An object, therefore, of the invention is to provide a new and improved connector for terminating a flat electrical circuit.
In the exemplary embodiment of the invention, a flat circuit connector includes a dielectric housing having an opening at a front portion thereof for receiving an end of the flat circuit, along with a rear terminating portion. A plurality of terminals are mounted on the housing in a side-by-side array spaced along the opening. An actuator is movably mounted relative to the housing for movement between an open position allowing the end of the flat circuit to be inserted into the opening and a closed position to relatively bias the flat circuit against the terminals. The actuator has a dust cover portion for covering the rear terminating portion of the housing when the actuator is in its closed position.
As disclosed herein, the actuator is generally L-shaped, as defined by a body portion and the dust cover portion. The body portion is generally parallel to the insertion direction of the flat circuit when the actuator is in its closed position. The dust cover portion is generally perpendicular to the insertion direction when the actuator is in its closed position. The actuator also includes a pressing portion for biasing the flat circuit against the terminals when the actuator is in its closed position.
According to some features of the invention, the dust cover portion of the actuator includes a recessed dust accumulation area to prevent the dust from falling off of the connector. The dust cover portion also includes a flat suction surface area for the application thereto of suction by a vacuum pick-up unit. The flat suction surface is generally parallel to the insertion direction of the flat circuit when the actuator is in its open position.
Other features of the invention include complementary interengaging surfaces between the actuator and the housing to maintain the actuator in its open position. Complementary interengaging surfaces also are provided between the actuator and the housing to maintain the actuator in its closed position.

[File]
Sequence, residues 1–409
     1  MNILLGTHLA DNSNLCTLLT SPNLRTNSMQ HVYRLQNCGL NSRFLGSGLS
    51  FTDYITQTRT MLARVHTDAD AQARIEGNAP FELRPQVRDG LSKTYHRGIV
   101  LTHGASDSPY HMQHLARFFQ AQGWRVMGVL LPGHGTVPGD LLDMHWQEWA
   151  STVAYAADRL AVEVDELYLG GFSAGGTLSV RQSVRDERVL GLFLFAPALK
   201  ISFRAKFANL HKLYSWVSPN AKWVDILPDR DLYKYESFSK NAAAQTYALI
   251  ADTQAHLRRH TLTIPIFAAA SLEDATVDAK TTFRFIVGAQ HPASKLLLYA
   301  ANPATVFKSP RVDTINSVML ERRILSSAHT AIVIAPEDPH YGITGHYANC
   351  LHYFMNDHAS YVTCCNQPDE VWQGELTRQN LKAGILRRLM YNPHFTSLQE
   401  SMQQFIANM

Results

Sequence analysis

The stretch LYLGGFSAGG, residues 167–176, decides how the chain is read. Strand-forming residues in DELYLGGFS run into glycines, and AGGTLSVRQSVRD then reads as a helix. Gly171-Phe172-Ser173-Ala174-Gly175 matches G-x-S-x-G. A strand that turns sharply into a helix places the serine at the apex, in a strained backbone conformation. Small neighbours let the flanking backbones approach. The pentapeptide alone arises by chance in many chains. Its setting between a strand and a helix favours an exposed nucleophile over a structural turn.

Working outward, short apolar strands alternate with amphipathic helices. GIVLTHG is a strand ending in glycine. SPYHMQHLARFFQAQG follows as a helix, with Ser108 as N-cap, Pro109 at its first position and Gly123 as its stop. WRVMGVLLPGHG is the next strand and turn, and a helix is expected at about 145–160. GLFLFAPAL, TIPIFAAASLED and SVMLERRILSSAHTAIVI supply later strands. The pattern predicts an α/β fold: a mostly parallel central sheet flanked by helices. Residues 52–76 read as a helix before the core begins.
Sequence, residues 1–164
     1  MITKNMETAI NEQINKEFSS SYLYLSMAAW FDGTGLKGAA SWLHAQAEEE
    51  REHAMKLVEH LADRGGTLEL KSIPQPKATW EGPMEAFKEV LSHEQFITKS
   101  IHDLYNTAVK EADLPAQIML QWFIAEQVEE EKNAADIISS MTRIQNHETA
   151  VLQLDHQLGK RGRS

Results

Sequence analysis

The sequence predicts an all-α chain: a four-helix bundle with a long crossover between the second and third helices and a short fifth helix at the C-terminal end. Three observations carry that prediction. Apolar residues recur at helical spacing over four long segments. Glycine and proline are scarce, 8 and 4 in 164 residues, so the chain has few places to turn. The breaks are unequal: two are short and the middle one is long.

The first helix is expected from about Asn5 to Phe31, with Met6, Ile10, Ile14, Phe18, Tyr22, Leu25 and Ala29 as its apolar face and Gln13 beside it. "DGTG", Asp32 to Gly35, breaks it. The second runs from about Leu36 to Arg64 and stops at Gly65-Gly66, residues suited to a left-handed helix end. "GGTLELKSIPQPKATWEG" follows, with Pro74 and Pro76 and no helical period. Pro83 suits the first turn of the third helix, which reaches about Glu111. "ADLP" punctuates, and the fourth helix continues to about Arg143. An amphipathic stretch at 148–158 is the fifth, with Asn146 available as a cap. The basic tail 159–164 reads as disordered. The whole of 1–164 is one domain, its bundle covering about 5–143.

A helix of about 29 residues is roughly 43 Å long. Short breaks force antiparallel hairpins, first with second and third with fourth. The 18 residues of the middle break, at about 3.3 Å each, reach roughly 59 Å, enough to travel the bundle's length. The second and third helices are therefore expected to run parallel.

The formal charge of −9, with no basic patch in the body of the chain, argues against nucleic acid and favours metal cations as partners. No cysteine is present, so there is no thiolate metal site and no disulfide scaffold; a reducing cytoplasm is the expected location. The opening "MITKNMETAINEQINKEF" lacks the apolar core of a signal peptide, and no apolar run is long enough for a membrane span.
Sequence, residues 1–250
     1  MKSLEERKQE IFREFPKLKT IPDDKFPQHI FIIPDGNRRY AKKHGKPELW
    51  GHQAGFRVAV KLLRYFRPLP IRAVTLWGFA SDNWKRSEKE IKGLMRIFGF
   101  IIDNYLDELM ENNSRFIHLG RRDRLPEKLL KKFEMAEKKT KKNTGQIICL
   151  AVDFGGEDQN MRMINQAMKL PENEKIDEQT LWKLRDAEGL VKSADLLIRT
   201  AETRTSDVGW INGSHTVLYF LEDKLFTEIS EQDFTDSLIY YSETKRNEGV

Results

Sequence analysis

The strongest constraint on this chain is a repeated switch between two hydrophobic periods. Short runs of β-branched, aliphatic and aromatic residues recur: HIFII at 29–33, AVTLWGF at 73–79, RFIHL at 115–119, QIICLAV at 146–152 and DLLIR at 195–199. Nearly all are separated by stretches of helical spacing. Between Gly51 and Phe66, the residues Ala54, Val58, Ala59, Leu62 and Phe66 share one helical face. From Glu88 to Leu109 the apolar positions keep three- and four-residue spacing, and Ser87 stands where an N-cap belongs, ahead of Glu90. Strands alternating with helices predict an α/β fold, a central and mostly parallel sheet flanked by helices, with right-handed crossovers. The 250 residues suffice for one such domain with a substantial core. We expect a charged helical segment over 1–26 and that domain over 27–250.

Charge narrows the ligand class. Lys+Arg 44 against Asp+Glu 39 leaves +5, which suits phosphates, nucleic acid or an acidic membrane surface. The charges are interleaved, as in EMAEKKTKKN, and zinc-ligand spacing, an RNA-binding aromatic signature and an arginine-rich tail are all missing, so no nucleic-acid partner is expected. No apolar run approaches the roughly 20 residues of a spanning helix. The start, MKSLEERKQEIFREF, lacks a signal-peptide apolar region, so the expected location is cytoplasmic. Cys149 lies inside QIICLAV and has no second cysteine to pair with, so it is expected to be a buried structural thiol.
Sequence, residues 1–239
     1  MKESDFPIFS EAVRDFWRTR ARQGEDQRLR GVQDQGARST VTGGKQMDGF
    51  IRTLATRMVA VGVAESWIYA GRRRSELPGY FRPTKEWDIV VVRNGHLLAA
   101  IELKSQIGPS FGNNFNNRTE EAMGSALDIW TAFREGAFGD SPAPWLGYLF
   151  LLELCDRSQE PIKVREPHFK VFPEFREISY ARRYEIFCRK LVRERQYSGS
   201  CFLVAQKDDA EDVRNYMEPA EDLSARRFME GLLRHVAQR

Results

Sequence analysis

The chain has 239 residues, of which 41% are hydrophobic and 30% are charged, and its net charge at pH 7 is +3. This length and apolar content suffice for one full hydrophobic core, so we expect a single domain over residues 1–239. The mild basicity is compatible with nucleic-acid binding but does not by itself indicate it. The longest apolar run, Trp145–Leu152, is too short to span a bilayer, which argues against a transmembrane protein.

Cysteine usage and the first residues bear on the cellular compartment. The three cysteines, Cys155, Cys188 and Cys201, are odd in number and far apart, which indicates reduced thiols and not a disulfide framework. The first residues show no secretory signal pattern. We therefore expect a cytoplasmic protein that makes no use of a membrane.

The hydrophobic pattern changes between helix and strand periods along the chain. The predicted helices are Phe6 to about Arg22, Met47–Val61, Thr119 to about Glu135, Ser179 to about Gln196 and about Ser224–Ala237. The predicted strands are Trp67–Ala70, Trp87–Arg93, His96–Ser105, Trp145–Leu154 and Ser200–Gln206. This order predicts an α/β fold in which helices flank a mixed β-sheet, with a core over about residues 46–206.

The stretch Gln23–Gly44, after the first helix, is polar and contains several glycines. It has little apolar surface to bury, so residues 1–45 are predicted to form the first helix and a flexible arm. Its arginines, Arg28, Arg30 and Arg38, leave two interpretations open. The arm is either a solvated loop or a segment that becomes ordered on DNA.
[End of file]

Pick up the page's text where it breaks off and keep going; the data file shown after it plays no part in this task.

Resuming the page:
Finally, in the exemplary embodiment, the connector is adapted for mounting on a printed circuit board, with the terminals soldered to appropriate circuit traces on the board. The actuator includes at least one through hole for the passage there through of cooling air during a soldering process. As disclosed herein, the through hole extends generally parallel to the printed circuit board when the actuator is in its open position.
Other objects, features and advantages of the invention will be apparent from the following detailed description taken in connection with the accompanying drawings.
The features of this invention which are believed to be novel are set forth with particularity in the appended claims. The invention, together with its objects and the advantages thereof, may be best understood by reference to the following description taken in conjunction with the accompanying drawings, in which like reference numerals identify like elements in the FIGS. and in which:
Before proceeding with a detailed description of the preferred embodiment, it should be understood that such terms as “top”, “bottom”, “front”, “rear”, “up”, “down” and the like herein and in the claims hereof are not meant in any way to be limiting in nature. Such terms are used solely to provide a clear and concise understanding of the invention, as depicted in the drawings. For instance, in the Background, above, it already has been pointed out that the connector may be mounted on a printed circuit board and installed in an apparatus with the board in a vertical orientation. Therefore, the “rear” of the connector as viewed in the drawings herein, would become the top of the connector when so installed in the apparatus. In addition, the term “flat circuit” herein and in the claims hereof is intended to refer to all kinds of flat electrical cables, including but not limited to flat flexible circuits, flexible printed circuit boards, flat rigid and flexible cables or the like.
With those understandings,
As best seen in
As seen in